Create another chance. It’s the tagline and ethos of the Australian Community Support Organisation, more commonly recognised as ACSO. It also applies to their latest social enterprise.
At the entrance of Victoria Street (the Hoddle Street end) the bright green of the mural that adorns the external wall next to ACSO’s offices, guides you towards the door of the aptly named ACspresSO.
We sat down with ACSO’s jack-of-all-trades and community re-integration dude, Tim Giles, to get the run down of the new venture.
ACspresSO has been set up as a café that provides hands-on training, work experience and access to paid job opportunities for ex-offenders in the Victorian community.
“We recognised and identified that we have a group of people that are coming out of prison and they really never enter community life as maybe you and I know it,” Giles said.
“They come into the community, they engage with centrelink, their corrections officer, a doctor. They rarely have the opportunity to access employment, become socially and economically included.”
The idea for the social enterprise had been in the back of the ACSO CEO’s, Karenza Louis-Smith, head for a number of years.
With their hands already on the perfect site, it was just a matter of time, preparation and obtaining philanthropic funding, before the idea became a reality.
Candidates for the training program are chosen through a fairly selective process that targets those who will benefit the most, with different levels of the traineeship offered based on experience.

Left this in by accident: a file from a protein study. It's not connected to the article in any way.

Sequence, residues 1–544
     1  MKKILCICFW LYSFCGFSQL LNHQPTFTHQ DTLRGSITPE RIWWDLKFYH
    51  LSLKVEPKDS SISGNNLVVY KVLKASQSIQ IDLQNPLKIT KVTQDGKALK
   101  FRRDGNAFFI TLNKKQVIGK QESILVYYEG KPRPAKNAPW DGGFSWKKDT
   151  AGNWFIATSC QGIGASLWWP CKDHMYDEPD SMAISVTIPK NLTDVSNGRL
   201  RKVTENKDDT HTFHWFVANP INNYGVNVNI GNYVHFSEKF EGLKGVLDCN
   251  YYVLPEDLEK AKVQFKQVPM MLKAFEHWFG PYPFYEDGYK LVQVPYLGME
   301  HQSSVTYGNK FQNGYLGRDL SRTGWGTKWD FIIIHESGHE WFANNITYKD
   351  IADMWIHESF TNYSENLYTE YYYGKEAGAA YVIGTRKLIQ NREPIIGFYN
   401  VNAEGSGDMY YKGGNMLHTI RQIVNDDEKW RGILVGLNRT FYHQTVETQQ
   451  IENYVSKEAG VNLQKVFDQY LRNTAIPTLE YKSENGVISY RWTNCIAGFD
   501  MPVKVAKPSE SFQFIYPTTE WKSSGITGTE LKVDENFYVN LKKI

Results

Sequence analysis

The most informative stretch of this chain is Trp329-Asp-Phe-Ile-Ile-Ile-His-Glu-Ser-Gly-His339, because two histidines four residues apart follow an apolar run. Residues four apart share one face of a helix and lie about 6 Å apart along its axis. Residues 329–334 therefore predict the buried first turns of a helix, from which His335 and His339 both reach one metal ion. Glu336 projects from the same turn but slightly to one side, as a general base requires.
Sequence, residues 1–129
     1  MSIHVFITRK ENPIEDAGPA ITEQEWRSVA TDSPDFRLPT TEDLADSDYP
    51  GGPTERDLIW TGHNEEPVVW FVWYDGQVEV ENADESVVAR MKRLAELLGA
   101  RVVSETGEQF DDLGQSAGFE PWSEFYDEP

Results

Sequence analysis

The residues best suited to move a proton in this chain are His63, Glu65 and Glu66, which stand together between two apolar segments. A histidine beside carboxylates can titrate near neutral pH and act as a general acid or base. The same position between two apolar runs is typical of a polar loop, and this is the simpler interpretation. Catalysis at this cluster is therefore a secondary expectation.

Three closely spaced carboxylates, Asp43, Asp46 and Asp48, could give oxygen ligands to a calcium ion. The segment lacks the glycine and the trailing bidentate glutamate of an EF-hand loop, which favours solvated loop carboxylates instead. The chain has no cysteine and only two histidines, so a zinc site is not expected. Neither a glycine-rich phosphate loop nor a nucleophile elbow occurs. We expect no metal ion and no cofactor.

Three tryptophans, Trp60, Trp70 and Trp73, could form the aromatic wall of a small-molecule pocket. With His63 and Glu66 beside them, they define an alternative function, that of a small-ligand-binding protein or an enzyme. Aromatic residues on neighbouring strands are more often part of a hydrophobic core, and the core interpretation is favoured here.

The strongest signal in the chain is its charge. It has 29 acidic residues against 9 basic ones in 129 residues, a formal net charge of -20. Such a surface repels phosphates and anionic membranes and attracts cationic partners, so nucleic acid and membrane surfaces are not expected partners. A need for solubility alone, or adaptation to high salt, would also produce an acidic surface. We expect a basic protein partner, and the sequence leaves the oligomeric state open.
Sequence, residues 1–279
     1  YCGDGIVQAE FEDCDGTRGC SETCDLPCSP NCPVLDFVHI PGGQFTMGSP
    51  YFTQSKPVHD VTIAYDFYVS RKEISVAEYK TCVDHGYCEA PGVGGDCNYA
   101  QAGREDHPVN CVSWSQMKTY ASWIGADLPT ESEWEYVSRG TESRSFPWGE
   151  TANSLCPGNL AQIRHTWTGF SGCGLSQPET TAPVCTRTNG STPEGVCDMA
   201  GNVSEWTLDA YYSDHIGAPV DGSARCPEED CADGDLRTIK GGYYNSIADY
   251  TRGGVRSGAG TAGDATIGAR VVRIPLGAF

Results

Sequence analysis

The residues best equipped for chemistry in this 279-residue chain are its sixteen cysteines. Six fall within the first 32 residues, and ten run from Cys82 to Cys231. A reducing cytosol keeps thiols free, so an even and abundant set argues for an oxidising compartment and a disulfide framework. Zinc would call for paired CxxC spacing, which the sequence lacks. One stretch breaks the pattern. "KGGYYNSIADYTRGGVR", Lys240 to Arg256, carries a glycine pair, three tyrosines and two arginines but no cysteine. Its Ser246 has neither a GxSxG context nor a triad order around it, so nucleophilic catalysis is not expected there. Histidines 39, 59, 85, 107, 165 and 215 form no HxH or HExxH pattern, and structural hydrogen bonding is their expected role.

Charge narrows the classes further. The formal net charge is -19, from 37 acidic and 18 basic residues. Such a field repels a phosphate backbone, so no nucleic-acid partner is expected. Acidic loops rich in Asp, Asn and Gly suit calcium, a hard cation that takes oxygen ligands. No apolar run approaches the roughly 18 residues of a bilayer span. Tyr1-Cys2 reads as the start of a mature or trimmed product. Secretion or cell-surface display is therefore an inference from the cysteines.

Since opening its doors just over 3 months ago, ACspresSO has currently seen six participants successfully complete the course with a few of those going on to further their studies.
“You can see the pride that they take in responsibility for something when they have rarely had that opportunity in the past,” Giles shared.
The goal for the first year is to see 36 participants through the program, changing their lives by supporting them to build skills and gain confidence to gain economic independence and community connectedness.
“It’s designed to provide people with the skills, a reference, with the qualifications that they need to be competitive with others who are trying to enter the mainstream hospitality workforce,” said Giles.
“We want our clients not to be dependent on a welfare type employment opportunity for the rest of their lives. We want them to be supported and given confidence, qualifications they need to progress into paid employment”.
With the success from the program that they have seen so far, ACSO are keen to replicate the model elsewhere to continue on their quest to create another chance for many many more.